Dozens of family, friends to speak during sentencing of Edmonton driver who killed three in 2020 crash

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Kevin Carthy remembers his friend Faisal Yousef as the kind of guy who could light up a room, whose charisma could make a stranger feel like they were in the presence of an old, trusted friend. He was relentlessly positive, and had big dreams for himself and his friends.

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“Five minutes with Faisal and you could kick any lingering self-doubt to the curb,” Carthy told an Edmonton courtroom Monday.

On July 3, 2020, Yousef and two others — Emma MacArthur and Georgia Donovan — were killed when Oscar Fabian Benjumea unintentionally slammed his speeding sports car into an empty Starbucks on Calgary Trail.

Monday was the start of a lengthy sentencing hearing for the 27-year-old, who pleaded guilty on May 7 to three counts of dangerous driving causing death and a single count of failure to stop at the scene of a deadly accident.

He initially faced a total of seven charges.

More than 50 people are expected to give victim impact statements during the hearing, which is set to conclude in December after a break.

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Neither the Crown nor the defence have made public their recommended sentences. Dangerous driving causing death carries a sentence of up to 14 years in prison.

The crash happened around 2:18 a.m. on July 3, 2020. According to an agreed statement of facts, Benjumea was speeding along Calgary Trail when he lost control of his Audi RS5. The car slid off the road, struck a curb and flew through the air, eventually smashing into the side of the Starbucks at 55 Avenue. At the time the car left the road, it was travelling 186 km/h in a 60 km/h zone.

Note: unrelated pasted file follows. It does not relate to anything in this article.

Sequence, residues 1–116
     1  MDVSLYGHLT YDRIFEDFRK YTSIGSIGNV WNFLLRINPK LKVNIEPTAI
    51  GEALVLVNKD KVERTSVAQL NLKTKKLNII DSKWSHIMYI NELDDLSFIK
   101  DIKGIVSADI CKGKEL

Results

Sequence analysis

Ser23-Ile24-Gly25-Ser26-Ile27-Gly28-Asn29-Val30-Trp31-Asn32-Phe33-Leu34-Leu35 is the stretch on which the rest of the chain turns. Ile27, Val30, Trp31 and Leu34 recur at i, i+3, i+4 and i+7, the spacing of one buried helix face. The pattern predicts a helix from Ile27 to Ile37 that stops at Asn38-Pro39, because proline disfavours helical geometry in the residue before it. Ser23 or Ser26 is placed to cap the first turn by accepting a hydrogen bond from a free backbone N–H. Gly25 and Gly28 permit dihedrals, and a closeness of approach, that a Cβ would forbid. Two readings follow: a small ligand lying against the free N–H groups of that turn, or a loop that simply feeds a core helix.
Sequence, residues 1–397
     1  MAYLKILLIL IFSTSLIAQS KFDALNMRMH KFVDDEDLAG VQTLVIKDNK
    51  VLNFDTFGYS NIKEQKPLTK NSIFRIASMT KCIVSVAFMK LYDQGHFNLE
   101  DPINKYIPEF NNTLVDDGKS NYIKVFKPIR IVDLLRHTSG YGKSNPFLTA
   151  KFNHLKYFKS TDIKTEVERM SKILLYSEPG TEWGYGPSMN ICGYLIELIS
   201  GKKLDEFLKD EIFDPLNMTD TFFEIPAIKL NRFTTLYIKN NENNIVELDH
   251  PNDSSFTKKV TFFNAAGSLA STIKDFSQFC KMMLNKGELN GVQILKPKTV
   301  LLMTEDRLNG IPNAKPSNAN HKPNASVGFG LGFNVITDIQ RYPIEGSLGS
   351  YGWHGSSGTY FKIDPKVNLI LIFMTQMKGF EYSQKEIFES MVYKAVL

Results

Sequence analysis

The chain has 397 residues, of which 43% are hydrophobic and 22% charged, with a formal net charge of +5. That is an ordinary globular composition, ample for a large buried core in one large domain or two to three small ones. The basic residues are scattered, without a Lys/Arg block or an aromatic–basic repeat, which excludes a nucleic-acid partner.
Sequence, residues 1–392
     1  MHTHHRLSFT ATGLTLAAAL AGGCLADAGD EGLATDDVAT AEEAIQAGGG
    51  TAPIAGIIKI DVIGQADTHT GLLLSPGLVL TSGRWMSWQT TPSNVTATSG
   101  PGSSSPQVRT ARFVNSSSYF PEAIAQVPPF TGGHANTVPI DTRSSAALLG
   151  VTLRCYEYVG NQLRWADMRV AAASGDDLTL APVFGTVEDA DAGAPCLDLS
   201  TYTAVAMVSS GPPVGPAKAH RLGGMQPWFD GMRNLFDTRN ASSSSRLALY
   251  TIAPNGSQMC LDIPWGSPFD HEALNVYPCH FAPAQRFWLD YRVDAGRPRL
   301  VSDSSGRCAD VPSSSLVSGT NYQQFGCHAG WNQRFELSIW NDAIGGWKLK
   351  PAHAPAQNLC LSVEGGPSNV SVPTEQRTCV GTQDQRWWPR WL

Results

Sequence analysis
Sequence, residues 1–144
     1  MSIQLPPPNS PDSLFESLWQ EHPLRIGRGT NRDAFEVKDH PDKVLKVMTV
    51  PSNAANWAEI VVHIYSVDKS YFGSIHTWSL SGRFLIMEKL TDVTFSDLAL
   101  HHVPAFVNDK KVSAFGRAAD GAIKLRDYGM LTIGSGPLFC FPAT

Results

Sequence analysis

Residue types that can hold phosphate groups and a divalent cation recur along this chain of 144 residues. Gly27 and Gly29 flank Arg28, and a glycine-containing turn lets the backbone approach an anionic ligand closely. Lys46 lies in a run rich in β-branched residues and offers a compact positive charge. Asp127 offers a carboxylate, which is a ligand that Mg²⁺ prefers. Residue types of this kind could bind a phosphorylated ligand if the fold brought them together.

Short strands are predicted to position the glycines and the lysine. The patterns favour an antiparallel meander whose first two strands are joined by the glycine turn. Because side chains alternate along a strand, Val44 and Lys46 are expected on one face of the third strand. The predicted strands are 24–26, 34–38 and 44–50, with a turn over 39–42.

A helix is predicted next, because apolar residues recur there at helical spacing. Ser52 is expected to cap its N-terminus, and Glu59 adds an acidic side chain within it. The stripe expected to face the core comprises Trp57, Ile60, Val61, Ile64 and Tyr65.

Faisa Yousef, sister of Faisal Yousef, one of three victims killed after a single-vehicle crashed into a Starbucks Friday along Calgary Trail near 55 Ave.
Faisa Yousef, sister of Faisal Yousef, one of three victims killed after a single-vehicle crashed into a Starbucks Friday along Calgary Trail near 55 Ave. Photo by Ed Kaiser /Postmedia

All three of Benjumea’s passengers were killed instantly. Benjumea survived and was pulled from the wreckage. Instead of remaining at the scene, however, he walked to his home in southwest Edmonton, where police arrested him 10 hours later.

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Faisal Yousef was the eldest of six siblings. He had just turned 32.

His mother, Fadumo Said, described him as the “glue” that held their family together.

“He was my son, my friend and my support system,” she said in a statement read by a court official. “I am no longer the person I used to be.”

She added: “Never in a million years could I imagine the horrors that transpired that night.”

Faisa Yousef said the crash left her without a brother and her son without an uncle. She said Faisal was a huge basketball fan and looked forward to teaching his nephew about the game and his favourite team, the Toronto Raptors.

She said Benjumea’s actions “showed a complete disregard for human life and the safety of others.”

A memorial to Georgia Donovan and Emma Macarthur, who were killed July 3, 2020, when the vehicle in which they were travelling crashed into an Edmonton Starbucks at high speeds.
A memorial to Georgia Donovan and Emma Macarthur, who were killed July 3, 2020, when the vehicle in which they were travelling crashed into an Edmonton Starbucks at high speeds. Photo by Ed Kaiser /00090969A

MacArthur was 20 years old. An aunt described her as “always kind and thoughtful and with a zest for life.” She leaves behind her parents and a younger brother, in addition to other family and friends.

MacArthur’s aunt told the other families: “This void in our life will never go away, and the grief I feel for myself, I feel for all of you.”

Donovan’s friends and family are expected to begin giving their statements Tuesday, when the hearing is scheduled to conclude. Justice Peter Michalyshyn is expected to give his decision in December.

jwakefield@postmedia.com

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